Progress in the development of disease‐modifying drugs for osteoarthritis has been hampered by a lack of understanding of the pathogenesis of the disease and how it differs from rheumatoid arthritis. However, more recent research in this field has identified several promising therapeutic targets.
The symptoms of osteoarthritis, the most common joint disorder, typically emerge at 55 years of age or thereabouts. People live with osteoarthritis, often in considerable pain, for an average of 26 years.1, 2 But the pathological processes that drive joint damage often rage for years before symptoms emerge. By the time a doctor diagnoses osteoarthritis, the joint destruction is typically progressive, often inexorable (although there may be periods of stability), and sometimes ends in disability.
There’s little healthcare professionals can do pharmacologically to stem the almost inevitable decline. Drug treatment focuses on controlling symptoms, especially pain. But healthcare professionals’ efforts are often in vain. For example, intra‐articular corticosteroid injections do not effectively alleviate pain, even transiently, in 20% to 30% of people with knee osteoarthritis. Even joint replacement does not guarantee freedom from pain and disability: up to 25% of patients still complain of pain and disability a year after total joint replacement.4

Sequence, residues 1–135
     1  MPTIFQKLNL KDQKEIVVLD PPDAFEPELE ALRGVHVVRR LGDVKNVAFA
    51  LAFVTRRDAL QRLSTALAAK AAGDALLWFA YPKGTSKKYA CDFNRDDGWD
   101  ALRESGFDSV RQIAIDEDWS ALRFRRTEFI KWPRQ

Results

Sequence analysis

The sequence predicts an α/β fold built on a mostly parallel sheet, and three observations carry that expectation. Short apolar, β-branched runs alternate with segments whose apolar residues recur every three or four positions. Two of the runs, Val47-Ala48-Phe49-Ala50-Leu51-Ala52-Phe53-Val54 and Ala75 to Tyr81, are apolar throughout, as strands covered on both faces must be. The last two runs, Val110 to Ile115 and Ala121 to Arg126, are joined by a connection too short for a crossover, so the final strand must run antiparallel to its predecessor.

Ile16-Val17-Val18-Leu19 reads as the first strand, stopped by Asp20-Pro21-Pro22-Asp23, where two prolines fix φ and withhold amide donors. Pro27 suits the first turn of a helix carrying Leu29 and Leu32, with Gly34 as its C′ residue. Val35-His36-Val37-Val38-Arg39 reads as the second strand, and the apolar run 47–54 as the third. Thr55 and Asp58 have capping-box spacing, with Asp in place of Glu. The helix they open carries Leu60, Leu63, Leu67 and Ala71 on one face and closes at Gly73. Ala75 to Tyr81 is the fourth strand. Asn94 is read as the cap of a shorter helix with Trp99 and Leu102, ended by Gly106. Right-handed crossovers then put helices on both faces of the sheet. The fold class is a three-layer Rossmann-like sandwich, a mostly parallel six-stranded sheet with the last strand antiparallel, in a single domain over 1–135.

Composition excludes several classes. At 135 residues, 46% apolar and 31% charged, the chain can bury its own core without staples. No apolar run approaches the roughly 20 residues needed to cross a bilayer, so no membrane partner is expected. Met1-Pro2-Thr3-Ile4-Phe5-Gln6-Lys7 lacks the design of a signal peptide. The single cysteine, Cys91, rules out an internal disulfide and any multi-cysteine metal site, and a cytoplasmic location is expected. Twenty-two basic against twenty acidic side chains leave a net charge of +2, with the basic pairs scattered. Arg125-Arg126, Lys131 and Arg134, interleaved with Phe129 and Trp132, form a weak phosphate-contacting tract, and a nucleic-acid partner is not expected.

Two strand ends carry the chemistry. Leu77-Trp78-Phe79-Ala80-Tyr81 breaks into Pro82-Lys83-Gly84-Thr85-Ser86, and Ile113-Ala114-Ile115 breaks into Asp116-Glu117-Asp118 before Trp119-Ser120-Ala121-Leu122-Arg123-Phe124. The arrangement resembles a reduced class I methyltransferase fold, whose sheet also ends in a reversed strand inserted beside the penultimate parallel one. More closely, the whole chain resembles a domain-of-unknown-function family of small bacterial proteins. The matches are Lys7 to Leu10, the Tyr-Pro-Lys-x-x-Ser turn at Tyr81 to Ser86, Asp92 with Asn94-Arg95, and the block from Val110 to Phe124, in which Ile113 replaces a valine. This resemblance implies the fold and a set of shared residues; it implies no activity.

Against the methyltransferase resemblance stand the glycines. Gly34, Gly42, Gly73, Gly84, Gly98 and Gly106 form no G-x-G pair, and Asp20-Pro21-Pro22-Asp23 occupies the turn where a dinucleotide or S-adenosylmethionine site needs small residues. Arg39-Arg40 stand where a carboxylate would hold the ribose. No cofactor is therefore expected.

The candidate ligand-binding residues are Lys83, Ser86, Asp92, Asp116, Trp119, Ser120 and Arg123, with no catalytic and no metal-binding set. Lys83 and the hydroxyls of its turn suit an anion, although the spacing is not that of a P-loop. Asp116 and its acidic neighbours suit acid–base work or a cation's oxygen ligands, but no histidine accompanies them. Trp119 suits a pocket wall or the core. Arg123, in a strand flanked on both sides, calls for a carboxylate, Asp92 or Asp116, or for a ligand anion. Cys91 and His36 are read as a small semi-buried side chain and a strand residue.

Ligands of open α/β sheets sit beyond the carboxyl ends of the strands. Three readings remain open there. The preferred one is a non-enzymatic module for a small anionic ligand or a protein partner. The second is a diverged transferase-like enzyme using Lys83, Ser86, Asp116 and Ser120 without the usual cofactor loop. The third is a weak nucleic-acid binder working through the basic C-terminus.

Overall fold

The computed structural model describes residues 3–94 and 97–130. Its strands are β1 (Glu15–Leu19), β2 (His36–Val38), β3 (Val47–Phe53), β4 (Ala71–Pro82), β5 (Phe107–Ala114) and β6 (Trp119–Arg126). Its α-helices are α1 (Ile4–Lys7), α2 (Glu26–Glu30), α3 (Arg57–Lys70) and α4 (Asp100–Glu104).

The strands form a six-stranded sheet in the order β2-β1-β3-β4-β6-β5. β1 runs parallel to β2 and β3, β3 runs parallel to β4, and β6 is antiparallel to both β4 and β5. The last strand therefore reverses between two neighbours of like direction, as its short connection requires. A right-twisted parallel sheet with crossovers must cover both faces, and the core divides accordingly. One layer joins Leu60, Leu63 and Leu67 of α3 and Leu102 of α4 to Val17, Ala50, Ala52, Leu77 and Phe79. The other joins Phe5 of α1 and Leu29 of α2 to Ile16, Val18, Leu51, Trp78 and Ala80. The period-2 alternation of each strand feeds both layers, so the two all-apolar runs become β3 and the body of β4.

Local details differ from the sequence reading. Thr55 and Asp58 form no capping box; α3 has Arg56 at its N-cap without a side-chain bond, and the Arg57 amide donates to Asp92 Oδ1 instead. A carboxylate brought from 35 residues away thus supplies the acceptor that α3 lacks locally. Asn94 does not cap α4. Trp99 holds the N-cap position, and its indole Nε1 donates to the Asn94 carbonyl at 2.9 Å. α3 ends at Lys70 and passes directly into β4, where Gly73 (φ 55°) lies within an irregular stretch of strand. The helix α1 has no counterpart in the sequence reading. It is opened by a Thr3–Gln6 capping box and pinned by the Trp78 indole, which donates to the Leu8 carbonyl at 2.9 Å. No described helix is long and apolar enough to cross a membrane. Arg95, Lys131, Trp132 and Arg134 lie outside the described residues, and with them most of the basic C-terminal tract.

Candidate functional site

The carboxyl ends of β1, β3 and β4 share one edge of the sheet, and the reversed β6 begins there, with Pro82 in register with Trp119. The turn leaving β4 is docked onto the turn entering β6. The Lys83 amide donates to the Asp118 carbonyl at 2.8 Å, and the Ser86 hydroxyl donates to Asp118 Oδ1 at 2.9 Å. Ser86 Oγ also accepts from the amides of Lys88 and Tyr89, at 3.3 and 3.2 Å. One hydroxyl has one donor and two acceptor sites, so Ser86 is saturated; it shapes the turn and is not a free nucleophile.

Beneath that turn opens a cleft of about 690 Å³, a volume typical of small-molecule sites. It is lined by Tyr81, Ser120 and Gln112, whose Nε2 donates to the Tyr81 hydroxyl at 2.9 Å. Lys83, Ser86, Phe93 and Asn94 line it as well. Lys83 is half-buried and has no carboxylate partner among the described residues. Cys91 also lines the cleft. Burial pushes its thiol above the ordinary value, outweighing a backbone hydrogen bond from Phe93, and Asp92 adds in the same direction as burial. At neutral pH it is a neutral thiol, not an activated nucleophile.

In any case, analgesia closes the symptomatic door long after the degenerative horse has bolted. Unfortunately, unlike rheumatoid arthritis (RA), there is no disease‐modifying drug (DMD) for osteoarthritis.2 But that could be about to change.
“For many years, researchers assumed that osteoarthritis was simple wear and tear,” says David Miles, Chief Executive Officer, AKL Research and Development, a biotech company researching new osteoarthritis treatments. “We now know that osteoarthritis arises from alterations in numerous signaling pathways, which raises the prospect of developing DMDs that target specific molecules and modify the underlying processes that lead to joint destruction.”
This is an excerpt from an article in the January 2021 edition of Prescriber. Read the full article to discover more.